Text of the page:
The legendary group The Band recorded some of the richest, most pastoral as well as down home and soul satisfying music of the late 1960s and 1970s. The Band created a fully original sound combining country, soul, rhythm and blues, folk, gospel and rockabilly music. Their work is as life changing and majestic music as has been captured.

Two live shows from the 1980s, taken from their original soundboard recordings have recently been released featuring Band bassist and vocalist Rick Danko as well as Band keyboard player and vocalist Richard Manuel. ‘Live at O’Tooles Tavern, Scranton, Pa, December 1985’ showcases Danko and Manuel playing as a duo. ‘Live at Dylan’s Café, Washington D.C., December 1987’ is a solo Danko performance.

The Band originated in Canada as the Hawks, backing up rockabilly singer Ronnie Hawkins who recruited The Band’s various members by stealing the most talented musicians from other competing Canadian bands. Danko and Manuel were accompanied by drummer and vocalist Levon Helm, guitar player Robbie Robertson and organ player Garth Hudson.

The Band was hired as Bob Dylan’s back up group in Dylan’s transition from folk music to electric rock. In 1966 Bob Dylan and The Band toured Europe and the U.S., contending with the animosity of Dylan’s displeased folk fans who failed to appreciate the epiphany that was this new music being created.

In 1967, while Dylan recovered from a motorcycle accident, The Band rented Big Pink, a house located in Woodstock, New York. ‘Music from Big Pink’, the Band’s debut album was released in 1968. ‘Music from Big Pink’ was musical perfection, a masterpiece with hallmark harmony singing modelled after the gospel sound of the Staple Singers. The second album, another masterpiece, the self titled ‘The Band’, also known as “the brown album” followed.
The Band would call it a day for the first time in 1976 with their filmed, guest filled farewell concert known as the Last Waltz. The Band reformed in 1983 without Robbie Robertson and also performed occasionally in various groupings through the 1980s.

Rick Danko’s signature vocal style was a naturally plaintive, almost mournful voice. Danko’s tenor appeared on top of the Band’s melodic harmonies. Danko’s percussive bass playing style was also an integral part of the Band’s sound.

Richard Manuel was a naturally talented vocalist with a soulful rhythm and blues style and a rich timbre often compared to Ray Charles. His singing range encompassed the high vocal register of ‘Tears of Rage’ and the gorgeous falsetto of ‘I Shall Be Released’ as well as the rougher voiced versions of ‘King Harvest’ and ‘The Shape I’m In’. Manuel also contributed a rhythmic style of piano to the Band.

‘Live at O’Tooles Tavern, December 1985’ captures Danko and Manuel as they toured as an acoustic duo. The show was recorded less than three months before the sad and untimely death of Richard Manuel.

‘Live at O’Tooles’ opens with ‘CC Rider’ as Rick Danko’s vocal is forefront with Richard Manuel tickling the ivories in the backdrop, blending in with a harmony vocal. The ballad ‘My Love’ features a lovely lead vocal by Danko and a rich falsetto backing vocal by Manuel. Theirs is a fine understated low key performance.

‘Just Another Whistle Stop’ from the Band’s album ‘Stage Fright’ includes a fine vocal from Manuel, a bit raspy but impassioned and compelling. Next Danko sings an inspired rendition of the classic Band tune ‘Unfaithful Servant’ from their second album. The Robbie Robertson lyric hits home: “Let us not bow our heads/We won’t be complaining/Life has been good to us all, even when the sky’s been raining.”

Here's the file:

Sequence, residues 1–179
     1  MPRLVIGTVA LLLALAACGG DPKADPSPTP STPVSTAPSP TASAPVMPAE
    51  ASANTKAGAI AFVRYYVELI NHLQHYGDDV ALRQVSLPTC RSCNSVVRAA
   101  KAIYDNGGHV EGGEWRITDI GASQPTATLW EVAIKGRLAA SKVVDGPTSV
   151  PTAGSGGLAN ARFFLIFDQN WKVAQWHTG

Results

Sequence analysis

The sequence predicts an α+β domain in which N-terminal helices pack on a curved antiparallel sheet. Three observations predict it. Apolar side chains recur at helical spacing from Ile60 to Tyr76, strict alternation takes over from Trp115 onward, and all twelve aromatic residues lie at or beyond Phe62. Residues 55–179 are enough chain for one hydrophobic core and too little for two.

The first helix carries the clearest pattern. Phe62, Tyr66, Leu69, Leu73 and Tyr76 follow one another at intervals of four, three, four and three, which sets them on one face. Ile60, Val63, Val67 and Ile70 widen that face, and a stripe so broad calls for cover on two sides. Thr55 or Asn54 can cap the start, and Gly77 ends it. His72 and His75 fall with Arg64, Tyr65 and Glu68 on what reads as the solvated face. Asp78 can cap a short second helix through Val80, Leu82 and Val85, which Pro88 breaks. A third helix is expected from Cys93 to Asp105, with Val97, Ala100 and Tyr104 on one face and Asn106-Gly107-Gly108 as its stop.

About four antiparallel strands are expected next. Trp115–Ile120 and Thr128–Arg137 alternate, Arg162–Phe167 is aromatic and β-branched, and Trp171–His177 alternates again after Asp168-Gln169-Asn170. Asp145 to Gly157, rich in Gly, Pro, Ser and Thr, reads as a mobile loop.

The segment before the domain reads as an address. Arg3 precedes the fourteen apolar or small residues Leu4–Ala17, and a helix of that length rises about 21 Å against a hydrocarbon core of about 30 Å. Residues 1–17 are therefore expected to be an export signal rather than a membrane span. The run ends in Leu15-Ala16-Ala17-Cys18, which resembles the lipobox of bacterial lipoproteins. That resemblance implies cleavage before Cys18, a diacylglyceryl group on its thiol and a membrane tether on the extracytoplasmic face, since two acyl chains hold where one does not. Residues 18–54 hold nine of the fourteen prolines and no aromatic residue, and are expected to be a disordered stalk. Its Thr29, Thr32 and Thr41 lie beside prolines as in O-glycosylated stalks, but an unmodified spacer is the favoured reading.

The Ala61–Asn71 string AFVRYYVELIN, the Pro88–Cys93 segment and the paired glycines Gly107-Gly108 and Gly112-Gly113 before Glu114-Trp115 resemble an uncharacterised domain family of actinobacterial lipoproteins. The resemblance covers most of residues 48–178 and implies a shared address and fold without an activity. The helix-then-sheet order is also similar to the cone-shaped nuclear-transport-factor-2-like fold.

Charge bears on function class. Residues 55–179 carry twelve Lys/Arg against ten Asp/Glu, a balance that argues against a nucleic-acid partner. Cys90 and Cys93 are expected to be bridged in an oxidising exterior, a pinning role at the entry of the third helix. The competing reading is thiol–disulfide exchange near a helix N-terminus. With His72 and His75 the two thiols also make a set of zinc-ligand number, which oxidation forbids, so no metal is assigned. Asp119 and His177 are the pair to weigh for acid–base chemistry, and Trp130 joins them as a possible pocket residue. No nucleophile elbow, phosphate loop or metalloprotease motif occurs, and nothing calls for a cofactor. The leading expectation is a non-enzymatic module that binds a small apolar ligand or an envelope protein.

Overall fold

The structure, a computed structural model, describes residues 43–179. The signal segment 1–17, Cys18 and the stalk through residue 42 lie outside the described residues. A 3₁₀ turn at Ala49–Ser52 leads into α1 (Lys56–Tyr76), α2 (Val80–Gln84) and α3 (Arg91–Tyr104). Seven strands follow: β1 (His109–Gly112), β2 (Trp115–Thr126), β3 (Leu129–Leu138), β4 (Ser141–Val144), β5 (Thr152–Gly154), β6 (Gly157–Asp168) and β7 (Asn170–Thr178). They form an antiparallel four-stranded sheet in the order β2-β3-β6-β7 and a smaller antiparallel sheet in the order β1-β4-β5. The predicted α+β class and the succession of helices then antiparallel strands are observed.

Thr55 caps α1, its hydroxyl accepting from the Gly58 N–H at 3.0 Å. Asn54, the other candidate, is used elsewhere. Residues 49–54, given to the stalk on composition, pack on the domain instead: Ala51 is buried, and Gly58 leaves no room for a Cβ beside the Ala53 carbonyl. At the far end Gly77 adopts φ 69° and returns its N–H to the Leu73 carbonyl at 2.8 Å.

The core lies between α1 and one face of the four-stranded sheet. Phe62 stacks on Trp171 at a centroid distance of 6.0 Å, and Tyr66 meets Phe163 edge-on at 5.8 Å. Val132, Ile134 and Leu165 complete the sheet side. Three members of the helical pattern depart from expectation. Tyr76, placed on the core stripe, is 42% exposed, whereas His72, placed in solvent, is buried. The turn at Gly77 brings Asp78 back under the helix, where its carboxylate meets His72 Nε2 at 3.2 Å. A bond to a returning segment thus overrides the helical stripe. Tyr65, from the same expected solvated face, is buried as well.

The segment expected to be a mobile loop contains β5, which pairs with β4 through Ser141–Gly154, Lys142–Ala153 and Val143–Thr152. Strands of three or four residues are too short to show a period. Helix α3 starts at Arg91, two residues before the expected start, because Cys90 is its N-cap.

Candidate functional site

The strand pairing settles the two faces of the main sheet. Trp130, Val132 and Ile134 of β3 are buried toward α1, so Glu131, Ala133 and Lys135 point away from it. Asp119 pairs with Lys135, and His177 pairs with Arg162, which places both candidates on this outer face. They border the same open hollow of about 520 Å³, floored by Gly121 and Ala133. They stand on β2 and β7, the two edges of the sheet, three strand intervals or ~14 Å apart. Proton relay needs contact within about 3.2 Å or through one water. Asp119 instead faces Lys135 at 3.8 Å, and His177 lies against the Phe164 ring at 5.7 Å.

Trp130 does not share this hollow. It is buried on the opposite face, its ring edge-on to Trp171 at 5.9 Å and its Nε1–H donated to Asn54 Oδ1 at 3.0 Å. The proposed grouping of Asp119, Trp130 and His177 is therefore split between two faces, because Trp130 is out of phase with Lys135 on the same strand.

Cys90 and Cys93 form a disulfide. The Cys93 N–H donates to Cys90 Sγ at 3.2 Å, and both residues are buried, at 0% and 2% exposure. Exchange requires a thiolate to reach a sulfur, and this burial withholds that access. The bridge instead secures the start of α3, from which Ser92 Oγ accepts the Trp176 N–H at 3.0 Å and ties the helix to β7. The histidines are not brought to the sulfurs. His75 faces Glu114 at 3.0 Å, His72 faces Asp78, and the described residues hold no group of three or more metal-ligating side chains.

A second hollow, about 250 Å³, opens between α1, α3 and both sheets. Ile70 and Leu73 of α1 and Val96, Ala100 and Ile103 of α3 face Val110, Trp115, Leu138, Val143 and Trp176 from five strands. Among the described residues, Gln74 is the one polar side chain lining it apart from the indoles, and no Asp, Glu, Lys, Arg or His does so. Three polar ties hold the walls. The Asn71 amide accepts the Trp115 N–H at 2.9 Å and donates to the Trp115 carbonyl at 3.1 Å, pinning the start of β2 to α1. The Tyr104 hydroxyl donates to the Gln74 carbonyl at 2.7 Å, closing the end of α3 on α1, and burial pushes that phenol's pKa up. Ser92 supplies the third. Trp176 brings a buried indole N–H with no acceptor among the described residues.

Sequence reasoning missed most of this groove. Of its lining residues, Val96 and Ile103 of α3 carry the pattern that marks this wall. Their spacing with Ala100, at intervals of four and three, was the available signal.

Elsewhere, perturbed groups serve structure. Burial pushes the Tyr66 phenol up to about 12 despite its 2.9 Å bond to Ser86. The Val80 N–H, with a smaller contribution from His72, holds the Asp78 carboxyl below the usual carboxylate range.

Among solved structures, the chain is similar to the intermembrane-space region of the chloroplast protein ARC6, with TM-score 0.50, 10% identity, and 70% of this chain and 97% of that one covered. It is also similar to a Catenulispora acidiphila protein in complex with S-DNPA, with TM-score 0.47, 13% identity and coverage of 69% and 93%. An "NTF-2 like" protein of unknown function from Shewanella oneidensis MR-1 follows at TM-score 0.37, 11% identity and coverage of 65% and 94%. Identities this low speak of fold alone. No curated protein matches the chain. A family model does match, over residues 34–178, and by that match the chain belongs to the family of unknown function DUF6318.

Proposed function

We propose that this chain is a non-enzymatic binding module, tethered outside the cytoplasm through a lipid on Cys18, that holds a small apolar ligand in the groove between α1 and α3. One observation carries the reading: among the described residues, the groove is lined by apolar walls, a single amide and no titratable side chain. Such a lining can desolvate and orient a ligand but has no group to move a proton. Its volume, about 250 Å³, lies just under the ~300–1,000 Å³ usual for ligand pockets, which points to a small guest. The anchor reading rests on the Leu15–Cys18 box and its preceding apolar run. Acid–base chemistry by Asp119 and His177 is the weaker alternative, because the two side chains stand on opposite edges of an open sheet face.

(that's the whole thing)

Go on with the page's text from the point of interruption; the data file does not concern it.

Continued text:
A fine magic is captured by the combination of these two classic artists of the Band. ‘King Harvest’ includes a dual vocal with Manuel in the foreground as they capture a stripped down version of the Band’s transcendent sound.

‘It Makes No Difference’ was Rick Danko’s signature lead vocal performance- a Band song that he always sung until his death in 1999. The familiar chorus connects with the soul, “And the sun don’t shine anymore and the rains fall down on my door.” From there the duo go into ‘Chest Fever’, a genius composition from ‘Music from Big Pink’. Richard Manuel delivers a powerhouse lead vocal along with strong building keyboard work.

Manuel brought out the best in Danko. Likewise his work with the entire Band presented Danko at his most formidable level. Consequently, Danko’s ‘Live at Dylan’s Café, Washington D.C., December 1987’ is not as noteworthy as the duo performance at O’Tooles. Nevertheless ‘Dylan’s Café’ still features a solid performance by Danko.

Danko begins the show with 'Java Blues', a love song to coffee from his self titled 1977 first solo album. From there he goes into the Band’s ‘Christmas Must Be Tonight’ with a soothing vocal that hits home.

‘Dylan’s Café’ is a double CD filled with a host of Band songs as well as solo material and covers by Danko. The set list includes the Band songs’ ‘Stage Fright’, ‘Long Black Veil’, ‘When You Awake’ and ‘The Weight'. As I listen to Danko performing the Band classic ‘Twilight’, I feel like I’m getting reacquainted with an old friend. There is a pleasing solo performance of ‘Caledonia Mission’ here, very different from the version on ‘Big Pink’. Danko puts forth intimate very personal renditions of these classic songs.

All in all, these live releases are of special interest to the Band aficionado. While I believe fans of the Band will find these releases particularly rewarding, newcomers are recommended to start with the classic Band debut ‘Music from Big Pink’ and progress from there.











Related Links:

http://sipthewine.blogspot.co.uk/
http://www.rickdanko.net/
http://www.thebandofficial.com/
https://en.wikipedia.org/wiki/Rick_Danko
https://www.facebook.com/groups/rickdanko
https://www.facebook.com/thebandtheband


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